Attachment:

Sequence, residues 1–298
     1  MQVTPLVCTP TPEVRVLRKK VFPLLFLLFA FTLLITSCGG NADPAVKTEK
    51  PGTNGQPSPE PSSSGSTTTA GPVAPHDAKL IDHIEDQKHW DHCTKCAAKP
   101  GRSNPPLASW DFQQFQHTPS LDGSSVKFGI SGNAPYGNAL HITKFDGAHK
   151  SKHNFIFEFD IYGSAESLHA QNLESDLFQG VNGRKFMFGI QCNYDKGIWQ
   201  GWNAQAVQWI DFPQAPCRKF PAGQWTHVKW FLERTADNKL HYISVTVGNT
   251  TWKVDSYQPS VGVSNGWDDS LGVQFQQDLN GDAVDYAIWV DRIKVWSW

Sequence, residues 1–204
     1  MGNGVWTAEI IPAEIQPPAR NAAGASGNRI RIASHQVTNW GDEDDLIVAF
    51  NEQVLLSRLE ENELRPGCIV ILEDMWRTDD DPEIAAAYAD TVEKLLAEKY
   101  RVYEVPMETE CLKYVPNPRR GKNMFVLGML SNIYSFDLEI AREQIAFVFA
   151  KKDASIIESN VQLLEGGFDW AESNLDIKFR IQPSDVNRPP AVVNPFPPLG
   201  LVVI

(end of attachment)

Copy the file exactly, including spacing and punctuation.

Sequence, residues 1–298
     1  MQVTPLVCTP TPEVRVLRKK VFPLLFLLFA FTLLITSCGG NADPAVKTEK
    51  PGTNGQPSPE PSSSGSTTTA GPVAPHDAKL IDHIEDQKHW DHCTKCAAKP
   101  GRSNPPLASW DFQQFQHTPS LDGSSVKFGI SGNAPYGNAL HITKFDGAHK
   151  SKHNFIFEFD IYGSAESLHA QNLESDLFQG VNGRKFMFGI QCNYDKGIWQ
   201  GWNAQAVQWI DFPQAPCRKF PAGQWTHVKW FLERTADNKL HYISVTVGNT
   251  TWKVDSYQPS VGVSNGWDDS LGVQFQQDLN GDAVDYAIWV DRIKVWSW

Sequence, residues 1–204
     1  MGNGVWTAEI IPAEIQPPAR NAAGASGNRI RIASHQVTNW GDEDDLIVAF
    51  NEQVLLSRLE ENELRPGCIV ILEDMWRTDD DPEIAAAYAD TVEKLLAEKY
   101  RVYEVPMETE CLKYVPNPRR GKNMFVLGML SNIYSFDLEI AREQIAFVFA
   151  KKDASIIESN VQLLEGGFDW AESNLDIKFR IQPSDVNRPP AVVNPFPPLG
   201  LVVI